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Opened 6 months ago

#59720 new enhancement

Long-term plan for handling Gutenberg version compatibility with core

Reported by: icaleb's profile iCaleb Owned by:
Milestone: Awaiting Review Priority: normal
Severity: normal Version: 6.4
Component: Upgrade/Install Keywords:
Focuses: Cc:


There's now a fairly common precedent that new major WP releases are often incompatible with many prior versions of Gutenberg. This makes sense, given that more and more we're going to see GB tie into the WordPress core experience. However there are some problems with how this version dependency / relationship is currently treated.

In #59718 this is explained some. But to briefly re-iterate:

1) Currently, when a traditional WP upgrade is triggered and files are being replaced, core will also decide if it should deactivate the Gutenberg plugin based on the plugin version, [seen here](

2) This brings about some issues. Two in particular come to mind:

  • If the Gutenberg plugin is not db-activated, but rather code activated, it will not be deactivated and the WP upgrade will cause the site to fatal error. An example of this is if GB is being loaded as an MU Plugin.
  • Even if the GB plugin is db-activated, it's fairly common for applications to be managed via version control. Meaning the _upgrade_core_deactivate_incompatible_plugins routine isn't actually being called. So the newly updated core files are essentially instantly present on an application that never got the chance to deactivate the older version of GB.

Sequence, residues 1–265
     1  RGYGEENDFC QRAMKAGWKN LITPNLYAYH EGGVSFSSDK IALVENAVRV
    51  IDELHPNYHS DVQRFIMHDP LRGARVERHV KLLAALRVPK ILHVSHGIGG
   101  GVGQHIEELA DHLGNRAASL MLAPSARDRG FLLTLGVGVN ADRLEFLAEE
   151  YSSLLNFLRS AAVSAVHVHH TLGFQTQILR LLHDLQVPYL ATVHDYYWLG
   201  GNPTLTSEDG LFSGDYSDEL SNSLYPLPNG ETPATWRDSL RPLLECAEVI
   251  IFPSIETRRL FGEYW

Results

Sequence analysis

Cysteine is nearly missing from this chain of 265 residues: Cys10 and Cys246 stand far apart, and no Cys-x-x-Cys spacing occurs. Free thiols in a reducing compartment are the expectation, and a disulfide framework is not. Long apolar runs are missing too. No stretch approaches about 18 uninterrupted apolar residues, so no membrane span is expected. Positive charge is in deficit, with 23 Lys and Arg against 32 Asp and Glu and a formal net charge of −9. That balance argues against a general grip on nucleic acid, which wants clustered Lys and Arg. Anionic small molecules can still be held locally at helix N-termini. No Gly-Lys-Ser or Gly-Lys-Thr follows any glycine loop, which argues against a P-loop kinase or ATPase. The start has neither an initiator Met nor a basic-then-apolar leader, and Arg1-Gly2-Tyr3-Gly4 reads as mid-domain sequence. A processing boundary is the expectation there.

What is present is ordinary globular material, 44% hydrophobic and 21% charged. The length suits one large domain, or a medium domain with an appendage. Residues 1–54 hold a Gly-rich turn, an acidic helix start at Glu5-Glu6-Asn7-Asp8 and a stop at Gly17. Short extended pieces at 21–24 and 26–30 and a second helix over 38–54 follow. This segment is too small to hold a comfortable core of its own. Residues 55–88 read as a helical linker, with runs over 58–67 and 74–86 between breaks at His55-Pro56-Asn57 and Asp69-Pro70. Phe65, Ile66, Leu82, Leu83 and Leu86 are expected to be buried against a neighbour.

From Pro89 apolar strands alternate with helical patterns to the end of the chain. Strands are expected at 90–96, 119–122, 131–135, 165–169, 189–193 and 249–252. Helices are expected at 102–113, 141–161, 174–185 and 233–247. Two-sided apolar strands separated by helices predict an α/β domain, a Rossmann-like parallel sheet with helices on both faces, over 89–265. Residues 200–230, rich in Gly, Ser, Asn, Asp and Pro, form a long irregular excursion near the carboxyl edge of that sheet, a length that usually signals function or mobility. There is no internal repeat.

So I wanted to open up this ticket for some discussion on how we could make this better, and perhaps prioritize for the next major release so we can stop risking fatal errors due to this during WP upgrades :)


The first thing that came to mind is how the Action Scheduler plugin/library works. Many different plugins can load in this library, or it can be added as a standalone plugin. Each instance will register itself, but then it will only initialize one version ([the latest]( This helps prevent duplicate class/function name fatal errors, and makes the loading process safe and easy.

Gutenberg is perhaps an even simpler use case, in that there's just two pieces - there is the standalone plugin and there is core. And rather conveniently, core is able to intercede early on in the process and register some loading rules before any plugins get a chance to load in.

A quick code example could be something like this inside the GB plugin:


function gutenberg_pre_init() {
        global $wp_core_minimum_allowed_gutenberg_version;
        $current_gutenberg_version = '16.4';

        if ( version_compare( $current_gutenberg_version, $wp_core_minimum_allowed_gutenberg_version, '<' ) ) {
                // Add some UI messaging to explain that the plugin isn't truly being loaded.

        // Load the plugin.
        require_once __DIR__ . '/lib/load.php';

In this example, WP core would be responsible for declaring $wp_core_minimum_allowed_gutenberg_version. This will help ensure that the conflicts between older versions of GB and WP core can truly be avoided.

Notably, it'll be important to think this through and make sure we give core all the controls it will need to influence the loading of the GB plugin. It's not really enough to rely on every GB plugin version to set these things and know it's future compatibility status.

I was recently was pointed towards this PR which looks like a great start: Although I would probably opt towards leaving something like GUTENBERG_MAX_WP_VERSION to always be defined by WP core since that is where we'll have the best context and the ability to alter it before a release.

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